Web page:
One of the biggest and quite possibly the oldest Great Blue Heron I ever saw here visited the North Basin close to the park’s eastern shore. The darkness of the beak, the layers of blue and grey on top of it, and the white “beard” distinguish a veteran. As I watched, it stood in shallow water, looking for fish, but decided after a while that pickings were slim, and flew off. We have had a number of visiting Great Blues, but no permanent resident since “Oscar” in 2014-15.
The Cornell bird lab website has a number of “Cool Facts” about Great Blue Herons. Among them are these:
Despite their impressive size, Great Blue Herons weigh only 5 to 6 pounds thanks in part to their hollow bones—a feature all birds share.
Great Blue Herons in the northeastern U.S. and southern Canada have benefited from the recovery of beaver populations, which have created a patchwork of swamps and meadows well-suited to foraging and nesting.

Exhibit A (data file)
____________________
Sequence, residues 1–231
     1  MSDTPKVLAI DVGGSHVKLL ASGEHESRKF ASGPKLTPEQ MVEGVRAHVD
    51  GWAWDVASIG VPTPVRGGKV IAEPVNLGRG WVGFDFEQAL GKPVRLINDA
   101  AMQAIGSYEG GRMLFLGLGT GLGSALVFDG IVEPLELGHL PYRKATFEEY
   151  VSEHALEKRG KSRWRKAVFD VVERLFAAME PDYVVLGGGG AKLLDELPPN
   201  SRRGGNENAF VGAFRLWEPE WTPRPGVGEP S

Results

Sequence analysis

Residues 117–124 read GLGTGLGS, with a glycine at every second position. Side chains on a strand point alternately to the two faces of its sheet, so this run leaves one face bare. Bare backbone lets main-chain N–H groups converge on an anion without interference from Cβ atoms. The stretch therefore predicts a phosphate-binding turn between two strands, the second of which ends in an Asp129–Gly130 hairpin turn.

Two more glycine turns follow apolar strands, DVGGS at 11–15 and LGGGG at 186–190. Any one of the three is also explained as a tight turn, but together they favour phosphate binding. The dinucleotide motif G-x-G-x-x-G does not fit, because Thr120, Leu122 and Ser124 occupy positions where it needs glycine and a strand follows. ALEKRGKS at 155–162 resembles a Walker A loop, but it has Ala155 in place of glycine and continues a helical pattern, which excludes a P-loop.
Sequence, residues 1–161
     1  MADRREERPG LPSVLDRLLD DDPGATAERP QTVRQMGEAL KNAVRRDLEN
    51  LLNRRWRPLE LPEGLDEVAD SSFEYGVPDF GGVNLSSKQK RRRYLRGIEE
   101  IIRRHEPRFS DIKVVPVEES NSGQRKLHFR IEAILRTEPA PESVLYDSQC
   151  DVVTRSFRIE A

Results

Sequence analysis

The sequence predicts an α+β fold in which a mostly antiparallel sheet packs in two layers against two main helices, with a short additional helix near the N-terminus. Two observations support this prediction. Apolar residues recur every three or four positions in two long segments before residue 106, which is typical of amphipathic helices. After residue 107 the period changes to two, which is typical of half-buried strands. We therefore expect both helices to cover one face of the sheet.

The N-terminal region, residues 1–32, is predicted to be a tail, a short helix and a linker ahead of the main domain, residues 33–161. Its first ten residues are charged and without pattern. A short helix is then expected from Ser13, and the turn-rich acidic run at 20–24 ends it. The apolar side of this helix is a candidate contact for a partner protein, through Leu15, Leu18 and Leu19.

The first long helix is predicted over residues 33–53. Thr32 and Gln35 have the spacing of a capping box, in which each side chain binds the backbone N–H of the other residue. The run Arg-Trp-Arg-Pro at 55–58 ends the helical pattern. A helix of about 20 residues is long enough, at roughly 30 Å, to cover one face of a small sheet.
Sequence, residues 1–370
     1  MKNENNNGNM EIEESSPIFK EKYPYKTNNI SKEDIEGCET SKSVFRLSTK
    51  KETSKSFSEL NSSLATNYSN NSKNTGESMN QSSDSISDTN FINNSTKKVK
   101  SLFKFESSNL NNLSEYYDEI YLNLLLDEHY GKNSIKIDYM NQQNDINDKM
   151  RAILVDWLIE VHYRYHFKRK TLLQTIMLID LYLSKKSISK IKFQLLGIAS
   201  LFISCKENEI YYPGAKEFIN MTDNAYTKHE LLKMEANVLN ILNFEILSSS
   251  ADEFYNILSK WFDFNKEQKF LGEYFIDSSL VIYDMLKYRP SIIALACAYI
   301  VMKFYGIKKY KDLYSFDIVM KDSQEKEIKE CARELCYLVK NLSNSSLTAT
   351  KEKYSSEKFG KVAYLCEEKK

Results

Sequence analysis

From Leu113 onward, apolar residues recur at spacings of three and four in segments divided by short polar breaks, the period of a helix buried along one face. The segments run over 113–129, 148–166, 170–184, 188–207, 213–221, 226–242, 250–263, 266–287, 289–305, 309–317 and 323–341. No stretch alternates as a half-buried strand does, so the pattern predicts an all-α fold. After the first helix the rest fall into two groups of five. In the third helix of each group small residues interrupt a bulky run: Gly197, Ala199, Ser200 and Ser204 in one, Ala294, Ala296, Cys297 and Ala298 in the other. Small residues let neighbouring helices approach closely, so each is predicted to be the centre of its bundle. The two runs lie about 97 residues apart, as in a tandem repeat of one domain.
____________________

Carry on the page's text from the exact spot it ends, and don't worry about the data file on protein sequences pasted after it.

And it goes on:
Along the Pacific coast, it’s not unusual to see a Great Blue Heron poised atop a floating bed of kelp waiting for a meal to swim by.
Great Blue Herons have specialized feathers on their chest that continually grow and fray. The herons comb this “powder down” with a fringed claw on their middle toes, using the down like a washcloth to remove fish slime and other oils from their feathers as they preen. Applying the powder to their underparts protects their feathers against the slime and oils of swamps.
Great Blue Herons can hunt day and night thanks to a high percentage of rod-type photoreceptors in their eyes that improve their night vision.
Great Blue Herons congregate at fish hatcheries, creating potential problems for the fish farmers. A study found that herons ate mostly diseased fish that would have died shortly anyway. Sick fish spent more time near the surface of the water where they were more vulnerable to the herons.
The oldest recorded Great Blue Heron was found in Texas when it was at least 24 years, 6 months old.
Thanks to specially shaped neck vertebrae, Great Blue Herons can quickly strike prey at a distance.